The study was born of a historical riddle: "That the most productive agricultural land in the region, which had supported flourishing civilizations continuously for at least 3,000 years, should suddenly relinquish, then resist, human habitation for such a long period of time has begged investigation," states the excavation's .
Archaeologist Philip Silvia (via LinkedIn)
As listed in the published abstract, Trinity Southwest University's Silvia was joined by a roster of multi-disciplanry scientists.
The team of scientists from New Mexico Tech, Northern Arizona University, NC State University, Elizabeth City (NC) State University, DePaul University, Trinity Southwest University, the Comet Research Group, and Los Alamos National Laboratories analyzed samples from 12 seasons of Tall el-Hammam excavations to conclude that the most logical explanation for the settlement's demise was a meteor explosion.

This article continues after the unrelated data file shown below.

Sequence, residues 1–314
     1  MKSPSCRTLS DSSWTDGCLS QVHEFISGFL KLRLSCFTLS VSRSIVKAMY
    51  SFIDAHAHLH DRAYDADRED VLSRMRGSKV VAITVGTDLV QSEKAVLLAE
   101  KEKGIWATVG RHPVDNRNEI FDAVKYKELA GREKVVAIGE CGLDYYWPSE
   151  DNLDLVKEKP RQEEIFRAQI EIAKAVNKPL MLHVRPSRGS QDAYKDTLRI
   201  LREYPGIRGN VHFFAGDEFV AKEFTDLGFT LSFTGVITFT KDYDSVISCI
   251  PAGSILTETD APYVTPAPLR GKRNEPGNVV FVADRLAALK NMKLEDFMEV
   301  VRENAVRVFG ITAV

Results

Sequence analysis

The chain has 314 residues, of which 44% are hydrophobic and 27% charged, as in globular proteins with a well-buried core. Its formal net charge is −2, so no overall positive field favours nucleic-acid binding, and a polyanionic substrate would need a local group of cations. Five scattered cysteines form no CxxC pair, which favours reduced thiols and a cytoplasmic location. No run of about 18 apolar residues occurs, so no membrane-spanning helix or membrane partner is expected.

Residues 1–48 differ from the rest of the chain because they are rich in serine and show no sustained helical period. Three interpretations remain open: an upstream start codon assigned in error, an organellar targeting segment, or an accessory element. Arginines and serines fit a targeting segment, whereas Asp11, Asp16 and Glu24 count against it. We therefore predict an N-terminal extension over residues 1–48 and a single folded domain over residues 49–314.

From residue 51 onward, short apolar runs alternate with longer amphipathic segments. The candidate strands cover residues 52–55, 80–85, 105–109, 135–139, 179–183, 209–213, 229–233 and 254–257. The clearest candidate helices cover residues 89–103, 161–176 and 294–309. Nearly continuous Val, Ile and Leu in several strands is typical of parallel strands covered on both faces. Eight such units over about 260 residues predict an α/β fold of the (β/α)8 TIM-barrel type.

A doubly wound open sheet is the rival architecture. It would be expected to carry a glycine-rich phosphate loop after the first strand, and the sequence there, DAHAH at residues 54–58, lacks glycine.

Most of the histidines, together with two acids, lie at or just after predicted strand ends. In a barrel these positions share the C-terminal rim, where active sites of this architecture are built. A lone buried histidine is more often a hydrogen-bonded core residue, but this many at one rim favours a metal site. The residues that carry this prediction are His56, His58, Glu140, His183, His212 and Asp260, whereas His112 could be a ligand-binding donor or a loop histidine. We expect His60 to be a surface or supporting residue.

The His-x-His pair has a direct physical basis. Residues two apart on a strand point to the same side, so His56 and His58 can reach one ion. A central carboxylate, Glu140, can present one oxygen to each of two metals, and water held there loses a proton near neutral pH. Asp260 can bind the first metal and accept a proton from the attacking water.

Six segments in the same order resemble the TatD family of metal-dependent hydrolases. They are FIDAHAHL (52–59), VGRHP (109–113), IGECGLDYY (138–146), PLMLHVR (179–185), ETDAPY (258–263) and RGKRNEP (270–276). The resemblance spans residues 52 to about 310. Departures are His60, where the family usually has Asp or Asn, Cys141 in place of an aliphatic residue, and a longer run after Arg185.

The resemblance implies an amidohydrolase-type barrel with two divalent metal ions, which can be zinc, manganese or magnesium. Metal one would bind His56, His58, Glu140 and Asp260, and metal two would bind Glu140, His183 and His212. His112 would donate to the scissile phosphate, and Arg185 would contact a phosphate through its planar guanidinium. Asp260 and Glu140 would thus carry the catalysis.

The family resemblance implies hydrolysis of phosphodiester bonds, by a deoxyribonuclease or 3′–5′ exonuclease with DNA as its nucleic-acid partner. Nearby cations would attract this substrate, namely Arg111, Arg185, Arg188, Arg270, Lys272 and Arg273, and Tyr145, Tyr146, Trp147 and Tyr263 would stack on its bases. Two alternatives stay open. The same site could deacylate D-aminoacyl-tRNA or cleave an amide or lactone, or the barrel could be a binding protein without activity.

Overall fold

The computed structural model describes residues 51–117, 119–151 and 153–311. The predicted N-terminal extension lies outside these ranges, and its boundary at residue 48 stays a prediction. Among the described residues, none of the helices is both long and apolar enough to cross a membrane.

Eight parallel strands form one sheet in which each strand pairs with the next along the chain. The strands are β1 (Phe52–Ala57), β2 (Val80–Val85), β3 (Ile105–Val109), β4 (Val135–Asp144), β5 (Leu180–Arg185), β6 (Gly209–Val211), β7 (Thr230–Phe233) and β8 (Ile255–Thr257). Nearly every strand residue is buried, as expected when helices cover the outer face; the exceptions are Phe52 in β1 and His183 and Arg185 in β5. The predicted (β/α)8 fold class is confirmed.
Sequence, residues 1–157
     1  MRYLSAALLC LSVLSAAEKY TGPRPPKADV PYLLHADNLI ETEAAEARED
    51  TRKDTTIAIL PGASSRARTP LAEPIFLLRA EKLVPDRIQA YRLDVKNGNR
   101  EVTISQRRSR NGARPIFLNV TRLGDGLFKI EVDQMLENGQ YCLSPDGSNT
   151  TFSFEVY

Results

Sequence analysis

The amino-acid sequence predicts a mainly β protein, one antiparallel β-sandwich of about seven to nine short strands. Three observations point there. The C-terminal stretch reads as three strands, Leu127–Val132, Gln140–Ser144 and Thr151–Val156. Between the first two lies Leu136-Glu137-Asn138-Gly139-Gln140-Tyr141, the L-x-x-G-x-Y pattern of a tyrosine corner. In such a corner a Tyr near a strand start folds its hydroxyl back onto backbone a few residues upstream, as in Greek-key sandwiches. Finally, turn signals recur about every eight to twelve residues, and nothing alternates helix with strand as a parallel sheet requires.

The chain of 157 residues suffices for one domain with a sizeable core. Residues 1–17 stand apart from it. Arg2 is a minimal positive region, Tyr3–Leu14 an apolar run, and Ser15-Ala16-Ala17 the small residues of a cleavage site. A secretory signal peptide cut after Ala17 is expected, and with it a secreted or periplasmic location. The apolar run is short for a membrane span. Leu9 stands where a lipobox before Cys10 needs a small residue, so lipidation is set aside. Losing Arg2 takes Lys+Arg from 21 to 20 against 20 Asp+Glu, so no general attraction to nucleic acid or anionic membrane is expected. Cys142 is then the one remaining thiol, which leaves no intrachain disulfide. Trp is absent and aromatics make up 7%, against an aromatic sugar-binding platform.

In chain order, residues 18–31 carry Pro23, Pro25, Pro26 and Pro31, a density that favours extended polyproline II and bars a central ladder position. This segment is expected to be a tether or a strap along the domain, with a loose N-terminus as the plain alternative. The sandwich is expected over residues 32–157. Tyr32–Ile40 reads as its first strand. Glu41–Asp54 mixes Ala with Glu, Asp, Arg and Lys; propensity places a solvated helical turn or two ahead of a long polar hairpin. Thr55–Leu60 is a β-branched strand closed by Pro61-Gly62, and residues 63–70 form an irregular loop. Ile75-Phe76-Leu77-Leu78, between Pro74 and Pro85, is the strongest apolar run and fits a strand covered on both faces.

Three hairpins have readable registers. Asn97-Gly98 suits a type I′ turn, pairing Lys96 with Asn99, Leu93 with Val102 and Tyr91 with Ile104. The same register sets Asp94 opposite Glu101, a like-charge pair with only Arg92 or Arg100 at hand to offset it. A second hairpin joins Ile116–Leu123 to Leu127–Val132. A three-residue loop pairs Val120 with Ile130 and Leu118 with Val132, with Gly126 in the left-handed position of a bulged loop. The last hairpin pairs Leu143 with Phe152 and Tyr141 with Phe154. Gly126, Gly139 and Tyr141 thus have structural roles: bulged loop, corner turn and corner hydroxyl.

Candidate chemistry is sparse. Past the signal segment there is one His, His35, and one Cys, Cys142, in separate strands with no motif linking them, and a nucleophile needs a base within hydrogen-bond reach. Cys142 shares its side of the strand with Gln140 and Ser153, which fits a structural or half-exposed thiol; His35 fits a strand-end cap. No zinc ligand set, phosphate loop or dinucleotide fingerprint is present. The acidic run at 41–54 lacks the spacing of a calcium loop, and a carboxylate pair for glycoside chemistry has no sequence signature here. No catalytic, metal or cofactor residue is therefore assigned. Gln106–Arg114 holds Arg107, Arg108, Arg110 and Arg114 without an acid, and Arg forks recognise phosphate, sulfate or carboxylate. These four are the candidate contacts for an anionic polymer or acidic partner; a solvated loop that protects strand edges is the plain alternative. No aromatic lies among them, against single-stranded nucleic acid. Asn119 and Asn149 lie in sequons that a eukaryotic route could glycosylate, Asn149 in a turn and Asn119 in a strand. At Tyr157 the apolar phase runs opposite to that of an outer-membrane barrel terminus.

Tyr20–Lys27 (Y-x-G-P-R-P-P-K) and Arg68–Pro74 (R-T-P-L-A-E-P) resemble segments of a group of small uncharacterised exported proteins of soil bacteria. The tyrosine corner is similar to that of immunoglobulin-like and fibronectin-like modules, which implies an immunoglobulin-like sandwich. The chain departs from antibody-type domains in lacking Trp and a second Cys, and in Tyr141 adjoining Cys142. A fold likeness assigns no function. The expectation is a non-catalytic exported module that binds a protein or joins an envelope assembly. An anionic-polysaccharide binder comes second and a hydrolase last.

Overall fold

"This paper surveys the multiple lines of evidence that collectively suggest a Tunguskalike, cosmic airburst event that obliterated civilization — including the Middle Bronze Age city-state anchored by Tall el-Hammam — in the Middle Ghor (the 25 km diameter circular plain immediately north of the Dead Sea) ca. 1700 BCE, or 3,700 years before present (3.7kaBP)," write the authors.
"Based upon the archaeological evidence, it took at least 600 years to recover sufficiently from the soil destruction and contamination before civilization could again become established in the eastern Middle Ghor," they write.